A return to stunning the opposition for Co-operative Funeralcare
With its excellent facilities and compact auditorium, the competing bands at the forthcoming European Championships in Perth should enjoy an inspirational contesting atmosphere in which to showcase their title winning aspirations.
However, after winning the Scottish Championship with such an authoritative stamp of quality, supporters of Co-operative Funeralcare will be left wonder ‘what if’ as they listen from the sidelines, as their band produced a stunning rendition of ‘St Magnus’ that on this form wouldn’t be out of place amid the cream of the continent’s elite talent.
This was a victory re-confirming the Co-op’s ability to bridge the gap that exists between the merely ‘very good’ and the ‘very best’ - a cleft that has been broadened over the past few years by the existing members of banding world’s Bilderberg group which have monopolised the top six finishes at major events - the European included.
At the conclusion of this intriguing contest there was little doubt that Co-op would emerge triumphant; their 21st title secured with a stark degree of comfort that emphasised their contesting class over well beaten rivals, and elicited the remark from adjudicator David Read MBE that it would in his opinion, have comfortably figured in the top four at Yorkshire: He wasn’t wrong.
Dr Nicholas Childs elicited a finely crafted, deliberately measured performance that seemed to give his players extra time and space in which to shine: The ensemble work in the faster sections was sparkling, whilst the soloists displayed security as well as artistry.
It was also the Co-op displaying the type of contesting ruthlessness that was once their norm.
Nowadays it surfaces less often, but the ability to drip feed ice cold adrenaline through stage veins is never quite lost: It was a chilling reminder to the rest of Scottish banding that deep within their competitive psyche there remains a deep seated desire to dominate.
They were a class part here; a band showing their credentials to make further marks of distinction in Birmingham, London and even Freiburg.
Whitburn is currently looking towards a much closer European horizon: However, on the sloppy form shown in defence of their title they will have to perform considerably better if they are to make any sort of mark on the judge’s consciousness back here in a few weeks time.
This was a performance that could have been scored by Robert Louis Stevenson – a ‘Jekyll and Hyde’ rendition that flirted with error and even disaster far too often in its first third to be able to make up the acres of lost ground on their rival.
Squeezing through for Whitburn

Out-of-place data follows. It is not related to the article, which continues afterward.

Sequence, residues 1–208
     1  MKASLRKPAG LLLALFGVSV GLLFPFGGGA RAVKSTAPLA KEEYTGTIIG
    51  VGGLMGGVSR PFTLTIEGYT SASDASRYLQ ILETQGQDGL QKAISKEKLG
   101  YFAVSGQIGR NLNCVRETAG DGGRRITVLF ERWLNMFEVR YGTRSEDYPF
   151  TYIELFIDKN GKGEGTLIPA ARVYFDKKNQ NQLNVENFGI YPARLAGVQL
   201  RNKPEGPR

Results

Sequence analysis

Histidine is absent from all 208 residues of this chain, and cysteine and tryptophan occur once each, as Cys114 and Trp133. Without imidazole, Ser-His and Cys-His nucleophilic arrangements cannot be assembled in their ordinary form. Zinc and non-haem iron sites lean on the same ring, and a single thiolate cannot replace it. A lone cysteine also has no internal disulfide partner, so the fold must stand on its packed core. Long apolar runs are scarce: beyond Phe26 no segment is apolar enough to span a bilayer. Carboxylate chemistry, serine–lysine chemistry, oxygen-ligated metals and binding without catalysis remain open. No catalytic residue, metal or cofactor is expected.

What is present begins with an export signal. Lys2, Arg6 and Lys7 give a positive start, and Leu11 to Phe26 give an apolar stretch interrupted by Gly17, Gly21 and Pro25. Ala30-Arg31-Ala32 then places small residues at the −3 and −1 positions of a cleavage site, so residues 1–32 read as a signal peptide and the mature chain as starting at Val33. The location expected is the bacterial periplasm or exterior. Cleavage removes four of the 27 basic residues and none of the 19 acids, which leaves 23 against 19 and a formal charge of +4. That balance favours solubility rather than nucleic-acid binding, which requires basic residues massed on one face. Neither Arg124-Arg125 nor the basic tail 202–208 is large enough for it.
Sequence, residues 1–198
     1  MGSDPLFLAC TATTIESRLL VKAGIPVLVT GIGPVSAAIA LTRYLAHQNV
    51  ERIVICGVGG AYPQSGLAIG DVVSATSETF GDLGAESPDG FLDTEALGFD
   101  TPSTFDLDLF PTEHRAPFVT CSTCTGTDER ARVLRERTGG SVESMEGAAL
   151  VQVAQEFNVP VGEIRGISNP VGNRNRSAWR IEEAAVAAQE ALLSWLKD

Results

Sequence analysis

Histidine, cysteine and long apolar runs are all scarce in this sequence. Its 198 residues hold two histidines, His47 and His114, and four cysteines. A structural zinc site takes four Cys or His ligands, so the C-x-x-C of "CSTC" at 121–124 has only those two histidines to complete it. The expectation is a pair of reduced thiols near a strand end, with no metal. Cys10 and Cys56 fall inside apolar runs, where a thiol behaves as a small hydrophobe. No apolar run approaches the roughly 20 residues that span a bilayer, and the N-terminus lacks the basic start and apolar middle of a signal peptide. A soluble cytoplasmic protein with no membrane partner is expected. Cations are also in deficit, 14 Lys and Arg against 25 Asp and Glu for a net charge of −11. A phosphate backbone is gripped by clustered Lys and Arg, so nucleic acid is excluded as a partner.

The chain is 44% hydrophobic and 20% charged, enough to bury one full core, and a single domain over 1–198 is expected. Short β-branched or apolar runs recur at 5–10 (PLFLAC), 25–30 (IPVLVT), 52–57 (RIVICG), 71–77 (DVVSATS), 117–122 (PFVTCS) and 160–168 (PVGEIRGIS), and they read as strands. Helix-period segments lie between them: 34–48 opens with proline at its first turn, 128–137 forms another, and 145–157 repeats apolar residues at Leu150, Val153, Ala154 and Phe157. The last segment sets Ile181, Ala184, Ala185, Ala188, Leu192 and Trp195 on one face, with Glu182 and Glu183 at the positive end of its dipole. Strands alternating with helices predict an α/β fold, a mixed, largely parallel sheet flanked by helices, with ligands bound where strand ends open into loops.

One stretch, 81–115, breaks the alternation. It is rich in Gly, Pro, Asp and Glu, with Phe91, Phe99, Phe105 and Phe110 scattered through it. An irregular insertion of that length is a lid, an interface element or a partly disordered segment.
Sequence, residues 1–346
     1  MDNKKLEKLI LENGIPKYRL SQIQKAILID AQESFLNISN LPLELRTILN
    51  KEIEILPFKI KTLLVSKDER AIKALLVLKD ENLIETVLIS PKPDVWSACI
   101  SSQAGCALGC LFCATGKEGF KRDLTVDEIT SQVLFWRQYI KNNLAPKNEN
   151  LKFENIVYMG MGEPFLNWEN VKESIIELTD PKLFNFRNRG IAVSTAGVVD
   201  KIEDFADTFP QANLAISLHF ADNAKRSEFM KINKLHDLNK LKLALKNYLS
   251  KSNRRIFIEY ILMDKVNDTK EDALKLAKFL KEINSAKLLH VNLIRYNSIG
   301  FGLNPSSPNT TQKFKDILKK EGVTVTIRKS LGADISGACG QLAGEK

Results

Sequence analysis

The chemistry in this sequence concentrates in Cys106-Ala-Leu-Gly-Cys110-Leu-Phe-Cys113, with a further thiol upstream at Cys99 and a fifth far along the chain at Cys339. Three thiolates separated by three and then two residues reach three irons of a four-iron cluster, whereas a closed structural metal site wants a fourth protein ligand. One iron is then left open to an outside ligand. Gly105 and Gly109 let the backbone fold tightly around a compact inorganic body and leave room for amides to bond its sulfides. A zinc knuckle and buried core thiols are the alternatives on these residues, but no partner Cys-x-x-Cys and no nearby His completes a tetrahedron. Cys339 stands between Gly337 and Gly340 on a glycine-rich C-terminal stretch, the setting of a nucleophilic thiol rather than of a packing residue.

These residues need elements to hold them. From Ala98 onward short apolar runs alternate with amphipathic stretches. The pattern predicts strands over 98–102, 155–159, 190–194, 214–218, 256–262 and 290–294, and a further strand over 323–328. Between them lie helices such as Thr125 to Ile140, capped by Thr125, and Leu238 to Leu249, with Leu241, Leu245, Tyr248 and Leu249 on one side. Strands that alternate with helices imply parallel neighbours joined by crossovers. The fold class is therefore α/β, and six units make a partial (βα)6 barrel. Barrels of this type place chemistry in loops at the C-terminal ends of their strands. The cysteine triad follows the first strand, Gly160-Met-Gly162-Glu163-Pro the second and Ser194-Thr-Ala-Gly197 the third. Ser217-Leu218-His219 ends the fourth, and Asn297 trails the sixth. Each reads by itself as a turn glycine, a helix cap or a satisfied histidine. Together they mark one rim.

At its best it was wonderfully, elegantly composed - but at its worst, it bloodied its knuckles on the stage floor: No wonder MD Ian Porthouse wore a look of tempered exasperation as he left the stage.
Never mind the elite of Europe in May: Whitburn will do well to beat the best in the Grand Shield if they can’t rid themselves of the frustrating propensity to every now and again quaff a draft of contesting cyanide as they did here.
It also meant that their supporters were left to fidget uncomfortably in their seats for well over 20 minutes, with a ‘what if’ conundrum on their minds, as David Read and Michael Dodd pondered their fate following Dalmellington’s inspired bit of musical sci-fi; playing out of their collective skins under Richard Evans.
It was as if the great man was determined to lead the band in a performance that personally made up for the one great musical tragedy in their close history together; a return to the Albert Hall, 36 years after fate so cruelly denied the pair an appearance there after winning this title in 1978.
That it eventually missed out was of little consequence in the greater scheme of things, as the result closed a chapter but not the book on the memories of all those years ago.
The sheer joy and deep seated emotion the MD brought out of the score (which had precision and vibrancy from start to finish) will live long in the collective consciousness of everyone involved: They were a hairsbreadth away from that long overdue trip to Kensington.
Dalmellington come third...
Jekyll and Hyde
Behind the top three the contest also unfolded in a slightly ‘Jekyll and Hyde’ way itself: The trio of pre-contest favourites for a podium finish in Kirkintilloch, Kingdom Brass and Newtongrange producing uneven, and at times, over robust performances that failed to find appeal in the box, although they had plenty of support in the hall.
It allowed Clackmannan’s intelligently led account (which featured some wonderful sop and cornet work) under Paul McKelvie to sneak into fourth place, with Kirkintilloch Kelvin Brass claiming fifth, to beat their older sibling for the first time ever at the Scottish Championship.
Lochgelly and Johnstone will know just how difficult ‘St Magnus’ is after their brave accounts finished in eighth and tenth respectively.
Grateful thanks: David Read MBE is thanked by Peter Fraser of SBBA
Good and bad
Each had their moments good and bad so to speak: Neil Philip of Kingdom Brass showing his lyrical quality to take the ‘Best Euphonium’ prize against stern opposition - although the other individual awards were swept up in the tsunami of Co-operative Funeralcare brilliance.
If there were any European scouts on a spying mission in the audience in Perth, then they certainly left knowing that if their bands are to prosper in the lively acoustic of this hall, they will have to temper dynamic excesses and any sense of overt aggression if they are to produce a performance that had the overall quality shown by Co-operative Funeralcare.
They in turn will know that any repeat dosage come the British Open, National Finals and Freiburg in 2015, and they could well be celebrating even more memorable title successes.